Film Review: Safer at Home

STUDIO: Vertical Entertainment | DIRECTOR: Will Wernick | CAST: Jocelyn Hudon, Dan J. Johnson, Emma Lahana, Alisa Allapach, Adwin Brown, Michael Kupisk
RELEASE DATE: Feb. 26, 2021
SPECS: NR | 82 min. | Thriller

RATINGS (out of 5 dishes): Movie 

After trudging through the pandemic for over a year, the question remains: Do you really want to see a film about the pandemic—and a realistic thriller, at that?

Safer at Home is set in 2022, a world in which the pandemic is still going strong and where quarantine and early curfew are a police state norm, and Donald Trump is still president. The film, co-written and directed by Will Wernick (No Escape), centers on a group of friends who get together remotely by way of iPhones and Zoom-like  devices for remote social interaction. The extra kicker this time for what has become a regular bonding event is that the drug Ecstasy has been provided by one of the friends to enhance the experience.

We soon learn that Jen (Jocelyn Hudon, When Hope Calls), one of the female pals, is pregnant, which is still not known by her boyfriend Evan (Dan J. Johnson, Escape Room). But as the evening goes on, the Zoomed-in acquaintances—and the audience—witness heated arguments, sexual activities, drug freak-outs and some more disturbing activities as they take place.

Shot during the pandemic, the film effectively captures the frustration the world continues to go through now, and takes a disturbingly on-target look at how even more uncomfortable things could get if the current COVID-19 anxiety is pushed even further. In that regard, Safer at Home remains unnerving throughout, with Wernick tightening the screws as the friends’ already frayed nerves take it to the next level.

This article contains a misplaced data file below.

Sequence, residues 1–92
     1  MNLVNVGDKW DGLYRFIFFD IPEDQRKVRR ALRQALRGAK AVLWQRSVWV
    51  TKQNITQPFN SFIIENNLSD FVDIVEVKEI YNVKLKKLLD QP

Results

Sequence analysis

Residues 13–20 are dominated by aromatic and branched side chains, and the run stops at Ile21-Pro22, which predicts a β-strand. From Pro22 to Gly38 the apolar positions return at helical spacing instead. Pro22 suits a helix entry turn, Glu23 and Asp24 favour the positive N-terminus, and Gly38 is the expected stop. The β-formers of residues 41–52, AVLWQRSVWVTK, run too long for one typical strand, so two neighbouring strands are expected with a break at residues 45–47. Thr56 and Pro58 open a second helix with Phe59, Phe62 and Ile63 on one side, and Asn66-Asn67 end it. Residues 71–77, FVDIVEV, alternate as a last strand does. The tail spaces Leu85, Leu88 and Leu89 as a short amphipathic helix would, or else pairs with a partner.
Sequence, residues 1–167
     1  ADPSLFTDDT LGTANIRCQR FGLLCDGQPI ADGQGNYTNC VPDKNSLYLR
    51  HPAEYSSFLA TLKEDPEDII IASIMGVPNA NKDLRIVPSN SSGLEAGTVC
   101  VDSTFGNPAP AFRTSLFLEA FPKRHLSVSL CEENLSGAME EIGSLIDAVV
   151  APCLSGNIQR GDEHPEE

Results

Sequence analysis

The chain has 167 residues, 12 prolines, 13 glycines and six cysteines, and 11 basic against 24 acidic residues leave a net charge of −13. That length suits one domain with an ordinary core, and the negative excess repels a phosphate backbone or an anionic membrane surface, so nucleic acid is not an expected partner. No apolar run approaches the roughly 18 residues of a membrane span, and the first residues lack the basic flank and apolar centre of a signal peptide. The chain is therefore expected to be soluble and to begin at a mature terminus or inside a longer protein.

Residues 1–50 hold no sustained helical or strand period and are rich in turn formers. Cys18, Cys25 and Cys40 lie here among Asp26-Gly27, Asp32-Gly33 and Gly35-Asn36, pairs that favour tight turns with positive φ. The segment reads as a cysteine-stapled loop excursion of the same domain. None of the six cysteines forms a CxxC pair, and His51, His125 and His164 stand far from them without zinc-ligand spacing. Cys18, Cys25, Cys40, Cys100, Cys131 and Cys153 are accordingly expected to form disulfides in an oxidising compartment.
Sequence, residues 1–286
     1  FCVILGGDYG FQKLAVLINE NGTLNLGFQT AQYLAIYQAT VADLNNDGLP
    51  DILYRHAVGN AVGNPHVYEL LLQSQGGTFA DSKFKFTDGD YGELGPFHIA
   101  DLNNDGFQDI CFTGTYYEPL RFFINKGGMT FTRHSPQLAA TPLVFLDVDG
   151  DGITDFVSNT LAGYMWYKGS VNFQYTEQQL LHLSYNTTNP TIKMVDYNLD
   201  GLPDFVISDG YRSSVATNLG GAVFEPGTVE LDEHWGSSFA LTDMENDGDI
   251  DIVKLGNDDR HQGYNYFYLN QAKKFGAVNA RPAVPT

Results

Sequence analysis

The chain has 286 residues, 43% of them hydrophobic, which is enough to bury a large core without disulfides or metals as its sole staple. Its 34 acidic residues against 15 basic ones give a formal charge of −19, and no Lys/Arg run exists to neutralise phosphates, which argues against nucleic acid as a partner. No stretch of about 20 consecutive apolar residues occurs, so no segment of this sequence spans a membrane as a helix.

The acting throughout is solid, with Hudon and Johnson registering the most strongly. One wonders how an audience outside of the principal characters’ millennial demographics will take to the film—none of them are particularly warm and cuddly, most have annoying speech patterns and little backstory is offered on any of them. Not helping matters is a disappointing “surprise” ending that opts for some lightness, while also sacrificing logic along the way.

Kudos to Wernick and company, regardless, for even attempting to shoot a film during such difficult times. Perhaps a physical copy should be placed in a time capsule only to be opened in the future when the subject of COVID, lockdowns and need for remote socialization are fading memories.

About Irv

Irv Slifkin has been reviewing movies since before he got kicked off of his high school radio station for panning The Towering Inferno in 1974. He has written the books VideoHound’s Groovy Movies: Far-Out Films of the Psychedelic Era and Filmadelphia: A Celebration of a City’s Movies, and has contributed film reportage and reviews to such outlets as Entertainment Weekly, The Hollywood Reporter, Video Business magazine and National Public Radio.